Everything in the universe is moving. Moon orbit planets. Planets orbit stars. Stars orbit galactic cores or other stars. And so on.
The whole Solar system is moving along as the Sun moves.
The stars in our galaxy, like the Sun, travel through space orbiting the core of the galaxy, which is made up of a bar of other stars and a supermassive black hole. It takes the Sun approximately 230 million years to make a full orbit around the Milky Way.
Of course, all this movement means that sometimes stars end up colliding with each other, or sometimes one of them ends up being ejected and becomes a rogue star traveling through intergalactic space. There are many interesting interactions caused by stars moving through space.
6) Stars die
It is hard for us to imagine the Sun not being up in the sky one day. But just like stars have an origin, they also have an end. Even if millions or even billions of years have to pass for it to happen.
Most stars die because they run out of nuclear fuel, particularly hydrogen. Sometimes massive stars can use other elements like helium and carbon, but that is eventually exhausted too.
The fate and lifespan of stars depend on their size.
Massive stars die in a very violent way by exploding into a supernova that for a few weeks or months can be as bright as a whole galaxy. These stars don’t live for too long as they exhaust their hydrogen quickly.
Mid-sized stars, like our Sun, swell up for some time, destroying their planetary systems (if they have one) and turning into what is known as a red giant. The red giant slowly sheds its outer layers, leaving behind a nebula and a white dwarf, which is the core of what once was that star.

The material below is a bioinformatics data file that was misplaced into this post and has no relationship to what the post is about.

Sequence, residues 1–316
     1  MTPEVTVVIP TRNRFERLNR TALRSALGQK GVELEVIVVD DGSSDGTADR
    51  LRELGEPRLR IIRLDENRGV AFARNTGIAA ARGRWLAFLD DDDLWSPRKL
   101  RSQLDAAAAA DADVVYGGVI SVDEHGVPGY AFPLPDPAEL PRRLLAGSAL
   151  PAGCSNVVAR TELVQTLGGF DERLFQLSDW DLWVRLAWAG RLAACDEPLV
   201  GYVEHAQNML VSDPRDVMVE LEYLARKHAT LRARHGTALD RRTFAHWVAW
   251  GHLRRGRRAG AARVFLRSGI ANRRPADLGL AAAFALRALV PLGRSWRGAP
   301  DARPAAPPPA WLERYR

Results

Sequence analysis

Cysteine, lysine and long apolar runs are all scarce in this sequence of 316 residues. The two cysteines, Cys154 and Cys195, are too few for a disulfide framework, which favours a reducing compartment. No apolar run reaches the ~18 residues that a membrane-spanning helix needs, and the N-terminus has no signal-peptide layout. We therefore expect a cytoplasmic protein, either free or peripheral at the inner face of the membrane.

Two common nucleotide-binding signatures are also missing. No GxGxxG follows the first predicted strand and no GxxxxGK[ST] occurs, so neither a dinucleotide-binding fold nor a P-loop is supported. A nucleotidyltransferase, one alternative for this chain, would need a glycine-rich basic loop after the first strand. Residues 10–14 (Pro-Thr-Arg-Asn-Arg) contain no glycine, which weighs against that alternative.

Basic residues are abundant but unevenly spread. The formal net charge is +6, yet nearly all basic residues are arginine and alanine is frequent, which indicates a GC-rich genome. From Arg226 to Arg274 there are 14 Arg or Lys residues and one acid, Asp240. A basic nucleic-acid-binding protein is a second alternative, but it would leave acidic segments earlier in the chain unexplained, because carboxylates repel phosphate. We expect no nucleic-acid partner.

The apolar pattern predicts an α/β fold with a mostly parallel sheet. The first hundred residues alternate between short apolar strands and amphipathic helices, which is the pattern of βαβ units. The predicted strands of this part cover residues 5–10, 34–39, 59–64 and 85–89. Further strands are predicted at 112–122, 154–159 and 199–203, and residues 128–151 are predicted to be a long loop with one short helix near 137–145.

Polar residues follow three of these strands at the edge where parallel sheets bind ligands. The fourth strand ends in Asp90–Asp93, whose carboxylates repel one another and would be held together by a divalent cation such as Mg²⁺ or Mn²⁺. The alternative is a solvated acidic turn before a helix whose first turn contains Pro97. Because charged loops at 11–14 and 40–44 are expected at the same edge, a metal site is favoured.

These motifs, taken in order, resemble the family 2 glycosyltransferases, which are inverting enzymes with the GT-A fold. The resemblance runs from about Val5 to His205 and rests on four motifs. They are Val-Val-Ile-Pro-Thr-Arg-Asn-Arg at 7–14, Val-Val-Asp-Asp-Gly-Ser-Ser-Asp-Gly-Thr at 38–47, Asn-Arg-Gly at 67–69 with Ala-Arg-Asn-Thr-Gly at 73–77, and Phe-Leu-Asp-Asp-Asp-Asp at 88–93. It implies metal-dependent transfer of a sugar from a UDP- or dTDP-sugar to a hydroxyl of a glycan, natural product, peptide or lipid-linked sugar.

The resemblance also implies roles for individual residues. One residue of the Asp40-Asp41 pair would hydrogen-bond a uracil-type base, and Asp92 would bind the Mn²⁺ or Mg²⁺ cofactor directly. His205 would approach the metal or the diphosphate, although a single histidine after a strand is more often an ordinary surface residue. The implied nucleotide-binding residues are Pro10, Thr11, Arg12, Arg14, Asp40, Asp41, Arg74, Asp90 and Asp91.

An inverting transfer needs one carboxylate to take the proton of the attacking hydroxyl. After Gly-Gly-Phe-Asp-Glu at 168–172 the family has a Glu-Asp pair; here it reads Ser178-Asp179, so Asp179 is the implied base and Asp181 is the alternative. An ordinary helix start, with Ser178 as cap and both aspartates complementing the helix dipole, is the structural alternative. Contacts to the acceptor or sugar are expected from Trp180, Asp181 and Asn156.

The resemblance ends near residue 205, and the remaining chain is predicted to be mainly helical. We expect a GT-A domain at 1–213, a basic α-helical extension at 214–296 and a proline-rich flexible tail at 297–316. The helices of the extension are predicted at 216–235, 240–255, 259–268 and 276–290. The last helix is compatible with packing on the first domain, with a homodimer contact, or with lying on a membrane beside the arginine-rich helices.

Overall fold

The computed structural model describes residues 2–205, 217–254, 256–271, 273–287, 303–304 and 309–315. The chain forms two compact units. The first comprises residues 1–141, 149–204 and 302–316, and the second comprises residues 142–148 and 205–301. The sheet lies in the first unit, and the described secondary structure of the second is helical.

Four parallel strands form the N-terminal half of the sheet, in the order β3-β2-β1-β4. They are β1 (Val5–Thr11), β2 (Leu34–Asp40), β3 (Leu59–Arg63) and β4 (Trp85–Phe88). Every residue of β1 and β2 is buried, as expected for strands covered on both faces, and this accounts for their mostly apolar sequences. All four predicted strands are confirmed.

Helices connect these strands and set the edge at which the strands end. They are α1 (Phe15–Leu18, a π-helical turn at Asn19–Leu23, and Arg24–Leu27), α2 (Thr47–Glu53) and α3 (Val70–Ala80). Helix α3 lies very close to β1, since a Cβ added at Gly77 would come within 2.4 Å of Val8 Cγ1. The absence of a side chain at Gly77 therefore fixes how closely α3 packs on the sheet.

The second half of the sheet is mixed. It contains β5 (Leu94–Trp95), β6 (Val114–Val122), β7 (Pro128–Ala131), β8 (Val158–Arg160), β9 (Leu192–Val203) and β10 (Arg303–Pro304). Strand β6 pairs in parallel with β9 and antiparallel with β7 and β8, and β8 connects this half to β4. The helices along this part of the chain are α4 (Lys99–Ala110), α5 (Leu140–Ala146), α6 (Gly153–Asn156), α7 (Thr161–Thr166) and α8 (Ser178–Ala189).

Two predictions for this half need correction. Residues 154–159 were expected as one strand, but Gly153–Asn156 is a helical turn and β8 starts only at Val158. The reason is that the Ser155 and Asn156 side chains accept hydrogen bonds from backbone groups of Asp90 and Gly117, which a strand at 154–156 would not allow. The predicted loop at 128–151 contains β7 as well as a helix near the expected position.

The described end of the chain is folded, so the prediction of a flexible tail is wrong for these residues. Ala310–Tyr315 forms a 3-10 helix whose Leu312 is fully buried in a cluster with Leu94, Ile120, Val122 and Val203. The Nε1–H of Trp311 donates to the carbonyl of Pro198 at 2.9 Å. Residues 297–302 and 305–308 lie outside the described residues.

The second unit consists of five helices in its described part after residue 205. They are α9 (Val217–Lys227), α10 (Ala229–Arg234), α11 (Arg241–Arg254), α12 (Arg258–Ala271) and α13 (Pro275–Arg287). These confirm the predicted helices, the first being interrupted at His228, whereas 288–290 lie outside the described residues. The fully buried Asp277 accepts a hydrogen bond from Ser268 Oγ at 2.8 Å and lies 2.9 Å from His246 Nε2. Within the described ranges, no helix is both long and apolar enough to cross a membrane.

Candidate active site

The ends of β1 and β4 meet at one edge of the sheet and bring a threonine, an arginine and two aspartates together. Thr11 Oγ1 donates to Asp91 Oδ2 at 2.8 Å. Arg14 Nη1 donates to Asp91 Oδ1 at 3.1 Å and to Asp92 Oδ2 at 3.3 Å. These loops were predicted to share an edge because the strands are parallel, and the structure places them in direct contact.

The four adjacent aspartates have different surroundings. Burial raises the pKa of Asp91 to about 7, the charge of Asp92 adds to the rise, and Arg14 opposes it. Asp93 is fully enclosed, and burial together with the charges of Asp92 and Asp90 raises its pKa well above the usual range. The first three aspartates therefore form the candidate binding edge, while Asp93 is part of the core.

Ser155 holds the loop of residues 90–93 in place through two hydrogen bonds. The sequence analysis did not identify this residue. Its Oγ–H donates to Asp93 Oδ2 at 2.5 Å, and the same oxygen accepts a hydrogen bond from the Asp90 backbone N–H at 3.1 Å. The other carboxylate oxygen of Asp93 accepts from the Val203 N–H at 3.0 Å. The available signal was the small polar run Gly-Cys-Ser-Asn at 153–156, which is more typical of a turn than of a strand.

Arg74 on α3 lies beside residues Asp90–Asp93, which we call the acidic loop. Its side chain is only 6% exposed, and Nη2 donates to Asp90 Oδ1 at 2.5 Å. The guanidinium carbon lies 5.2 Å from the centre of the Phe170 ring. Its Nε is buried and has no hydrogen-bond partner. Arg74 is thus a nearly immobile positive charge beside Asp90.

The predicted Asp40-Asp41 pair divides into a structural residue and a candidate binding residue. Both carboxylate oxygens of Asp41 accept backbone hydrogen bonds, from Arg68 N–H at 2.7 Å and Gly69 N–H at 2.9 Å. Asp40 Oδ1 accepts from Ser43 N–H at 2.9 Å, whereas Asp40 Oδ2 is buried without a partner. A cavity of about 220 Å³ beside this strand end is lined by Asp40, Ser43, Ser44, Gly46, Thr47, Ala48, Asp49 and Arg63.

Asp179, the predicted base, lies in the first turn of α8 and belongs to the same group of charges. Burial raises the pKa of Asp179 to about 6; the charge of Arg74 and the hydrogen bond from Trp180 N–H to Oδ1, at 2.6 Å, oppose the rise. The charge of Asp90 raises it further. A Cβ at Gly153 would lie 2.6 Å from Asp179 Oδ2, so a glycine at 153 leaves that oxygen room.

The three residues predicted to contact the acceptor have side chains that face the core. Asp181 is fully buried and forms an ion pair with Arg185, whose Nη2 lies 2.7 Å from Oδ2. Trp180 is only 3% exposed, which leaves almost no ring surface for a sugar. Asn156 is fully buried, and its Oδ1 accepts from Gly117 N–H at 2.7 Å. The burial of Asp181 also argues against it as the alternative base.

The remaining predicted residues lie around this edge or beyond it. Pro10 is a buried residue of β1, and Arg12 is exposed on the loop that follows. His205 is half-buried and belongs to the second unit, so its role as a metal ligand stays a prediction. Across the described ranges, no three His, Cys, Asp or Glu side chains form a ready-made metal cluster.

Smaller stars live the longest. They are called red dwarfs and scientists believe that some stars will live longer than the current age of the universe. Because of this, we don’t really know what the process of their death looks like, we haven’t found one that has died yet. We will have to wait a long time for one of them to die to see how it happens, but it is theorized that they will slowly – very slowly- cool off, leaving a white dwarf behind and the bigger ones might also form a nebula like mid-sized stars.
7) Stars are mostly made up of hydrogen (and other gases)
The main component of stars is also the most abundant element in the universe and the first element in the periodic table, hydrogen.
The Sun’s composition is estimated to be as follows:
|Traces of other elements||0.04%|
While hydrogen is also the most abundant element in all stars, the percentages vary depending on the size and age of each individual star. On average, the element composition of most stars is:
|Traces of other elements||1%|
8) Stars are very, very hot
Every star has a different surface temperature that depends mostly on its mass. But even the smaller stars called red dwarfs that are a fraction of the size of our Sun (which isn’t really big, to begin with) can reach an average surface temperature of 3,225°C (3,500°K).
The average temperature for each star type is shown in the next table.
|Star type / color||Spectral Class||Temperature||Temperature (K)|
The table is ordered from the smaller to the larger types of stars. For comparison, the sun is a G-type yellow star. As you can see, it is right in the middle in terms of both size and temperature.
9 ) Stars can have many colors
Stars have many colors. The color of a star is going to be determined by its mass and temperature.
The colder stars are generally red. This can happen because they are small, slow-burn stars or because they have already exhausted most of their hydrogen.
The hottest stars are blue. These stars tend to live less time because they are bigger and “burn” their fuel faster.
The possible colors of a star are: